Geek Squad, Best Buy's in-house technical support subsidiary, has been secretly working with the FBI to spy on Americans.
Newly released documents that the FBI relied on Best Buy's Geek Squad to provide them with customers' suspected illegal activity.
One of the main priorities of the FBI was to track down producers, viewers, and distributors of child pornography.
In one instance, the FBI seized the computer of a customer who brought their device into a Best Buy store for repairs. Geek Squad technicians discovered a cache of child pornography and the FBI immediately became involved.
In 2017, the Electronic Frontier Foundation, a non-profit whose mission is to protect civil liberties, filed an FoA lawsuit claiming that the relationship between the FBI and Geek Squad violated customer's Fourth Amendment rights against warrant-less searches. "At no point did the FBI get warrants based on probable cause before Geek Squad informants conducted these searches," EFF alleges in their lawsuit. "Nor are these cases the result of Best Buy employees happening across potential illegal content on a device and alerting authorities."
According to EFF, the FBI would "show up, review the images or video and determine whether they believe they are illegal content," based solely on the word of Geek Squad technicians. EFF's lawsuit showed that the FBI had been paying at least eight Geek Squad "informants" for at least a decade.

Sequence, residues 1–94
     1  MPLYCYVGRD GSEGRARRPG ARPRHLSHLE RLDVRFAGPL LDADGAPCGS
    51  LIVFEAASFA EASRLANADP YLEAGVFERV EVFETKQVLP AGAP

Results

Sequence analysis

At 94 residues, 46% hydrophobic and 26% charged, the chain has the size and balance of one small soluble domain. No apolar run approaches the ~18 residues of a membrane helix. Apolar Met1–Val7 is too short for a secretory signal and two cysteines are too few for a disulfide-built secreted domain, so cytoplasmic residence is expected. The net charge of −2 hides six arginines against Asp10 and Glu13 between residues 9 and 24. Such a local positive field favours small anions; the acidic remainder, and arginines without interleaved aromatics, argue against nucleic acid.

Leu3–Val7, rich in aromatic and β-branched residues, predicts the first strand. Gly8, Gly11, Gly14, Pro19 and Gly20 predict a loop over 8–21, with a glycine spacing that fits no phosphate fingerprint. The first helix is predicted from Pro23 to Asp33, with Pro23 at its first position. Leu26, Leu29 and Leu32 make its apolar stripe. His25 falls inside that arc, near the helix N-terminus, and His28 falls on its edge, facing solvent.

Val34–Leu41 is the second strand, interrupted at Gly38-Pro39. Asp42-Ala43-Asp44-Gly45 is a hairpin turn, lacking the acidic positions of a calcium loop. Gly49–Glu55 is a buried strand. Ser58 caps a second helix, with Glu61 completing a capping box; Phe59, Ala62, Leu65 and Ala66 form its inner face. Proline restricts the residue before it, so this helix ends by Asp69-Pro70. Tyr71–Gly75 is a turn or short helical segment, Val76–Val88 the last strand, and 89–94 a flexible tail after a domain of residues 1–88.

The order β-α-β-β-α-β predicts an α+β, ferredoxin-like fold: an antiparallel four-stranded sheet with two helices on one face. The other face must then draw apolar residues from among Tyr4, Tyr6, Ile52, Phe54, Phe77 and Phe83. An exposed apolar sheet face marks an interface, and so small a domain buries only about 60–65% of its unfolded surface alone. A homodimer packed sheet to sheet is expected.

The FBI initially denied EFF's FoA request, including an outright denial of the relationship. The Department of Justice's refusal to comply compelled EFF to file their lawsuit. "The FBI denied the request, saying it doesn't confirm or deny that it has records that would reveal whether a person or organization is under investigation," EFF explains on their website. We filed suit after the Department of Justice failed to respond to our administrative appeal of the FBI's initial denial."
Best Buy issued a statement earlier this month explaining their side of the story.
"As we said more than a year ago, our Geek Squad repair employees discover what appears to be child pornography on customers' computers nearly 100 times a year. Our employees do not search for this material; they inadvertently discover it when attempting to confirm we have recovered lost customer data," Best Buy said. "We have a moral and, in more than 20 states, a legal obligation to report these findings to law enforcement. We share this policy with our customers in writing before we begin any repair."
Was Best Buy right to establish this relationship? At the very least, it's a legal and ethical grey area.